Date of Award

12-2012

Degree Type

Dissertation

Degree Name

Doctor of Philosophy

Major

Life Sciences

Major Professor

Jeremy C. Smith

Committee Members

Jerome Baudry, Xaolin Cheng, Hong Guo, Tongye Shen

Abstract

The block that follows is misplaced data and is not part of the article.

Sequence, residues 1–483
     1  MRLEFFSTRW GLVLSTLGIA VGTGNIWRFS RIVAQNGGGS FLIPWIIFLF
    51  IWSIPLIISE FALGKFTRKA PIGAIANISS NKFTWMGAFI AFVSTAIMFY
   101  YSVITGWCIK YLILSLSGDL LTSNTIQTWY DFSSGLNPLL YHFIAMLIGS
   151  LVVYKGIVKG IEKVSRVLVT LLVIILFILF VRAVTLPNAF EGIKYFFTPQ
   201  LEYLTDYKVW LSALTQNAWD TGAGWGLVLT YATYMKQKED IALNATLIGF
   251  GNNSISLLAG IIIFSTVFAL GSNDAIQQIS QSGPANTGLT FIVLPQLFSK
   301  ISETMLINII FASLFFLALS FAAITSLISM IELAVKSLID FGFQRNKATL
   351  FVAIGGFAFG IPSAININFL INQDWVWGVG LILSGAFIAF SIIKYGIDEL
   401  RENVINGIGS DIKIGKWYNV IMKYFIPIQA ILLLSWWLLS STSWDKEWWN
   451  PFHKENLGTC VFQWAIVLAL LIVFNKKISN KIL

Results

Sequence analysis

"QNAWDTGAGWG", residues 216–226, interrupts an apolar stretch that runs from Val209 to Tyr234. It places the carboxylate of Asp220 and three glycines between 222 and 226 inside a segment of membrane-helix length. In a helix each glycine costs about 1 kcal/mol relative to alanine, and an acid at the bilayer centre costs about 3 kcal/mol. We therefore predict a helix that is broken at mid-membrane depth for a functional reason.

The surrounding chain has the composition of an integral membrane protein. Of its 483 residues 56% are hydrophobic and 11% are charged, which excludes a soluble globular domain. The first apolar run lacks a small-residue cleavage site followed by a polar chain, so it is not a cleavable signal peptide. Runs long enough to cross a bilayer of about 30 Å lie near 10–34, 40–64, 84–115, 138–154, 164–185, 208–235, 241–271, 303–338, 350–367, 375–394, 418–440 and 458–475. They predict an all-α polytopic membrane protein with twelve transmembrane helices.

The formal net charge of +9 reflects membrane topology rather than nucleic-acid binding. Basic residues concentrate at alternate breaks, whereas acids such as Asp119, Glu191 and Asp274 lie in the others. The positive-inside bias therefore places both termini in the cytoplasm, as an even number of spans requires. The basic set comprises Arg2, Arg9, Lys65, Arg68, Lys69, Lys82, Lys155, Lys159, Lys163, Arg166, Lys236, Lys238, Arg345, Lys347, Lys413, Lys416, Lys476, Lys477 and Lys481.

Biological functions of biomacromolecules are often indispensably linked to their internal dynamics. To investigate the dynamic nature of biomolecules, molecular dynamics (MD) simulation offers unique advantages by providing high spatial and temporal resolution over orders of magnitude in time- and length scales. Here, simulations at two different scales are used to investigate different aspects of biomolecular dynamics. At the atomistic scale, the first study investigates the relationship between the axial methyl group order parameter and the corresponding entropy in protein side chains. Three classes of methyl group are characterized based on the methyl group’s “topological distance” from the backbone (that is the number of bonds between the methyl group axis and the closest backbone atom) even when direct effects of the topological distance are removed. This distinction implies that methyl groups at the same topological position share similar nonbonded environments. Furthermore, consideration of these classes of methyl group improves the accuracy of entropy-estimates based upon changes in order parameter. The second study investigates the deconstruction of crystalline cellulose, a problem relevant to bioenergy research. The large size of crystalline cellulose together with the associated long-time dynamics exceeds the capabilities of atomistic simulation. Thus, a residue-scale, coarse-grained model of cellulose is calculated using the REACH (Realistic Extension Algorithm via Covariance Hessian) method. The model is successfully validated against experiment using Young’s moduli and the velocity of sound. The coarse-grained analysis of the cellulose fibril suggests that the intrinsic dynamics facilitates deconstruction of the crystalline cellulose fibril from the hydrophobic surface. Both applications share the same concept of approach (that is, computational modeling and simulation at an appropriate scale), which reveals key insights into biomolecules by investigating their dynamic behavior.

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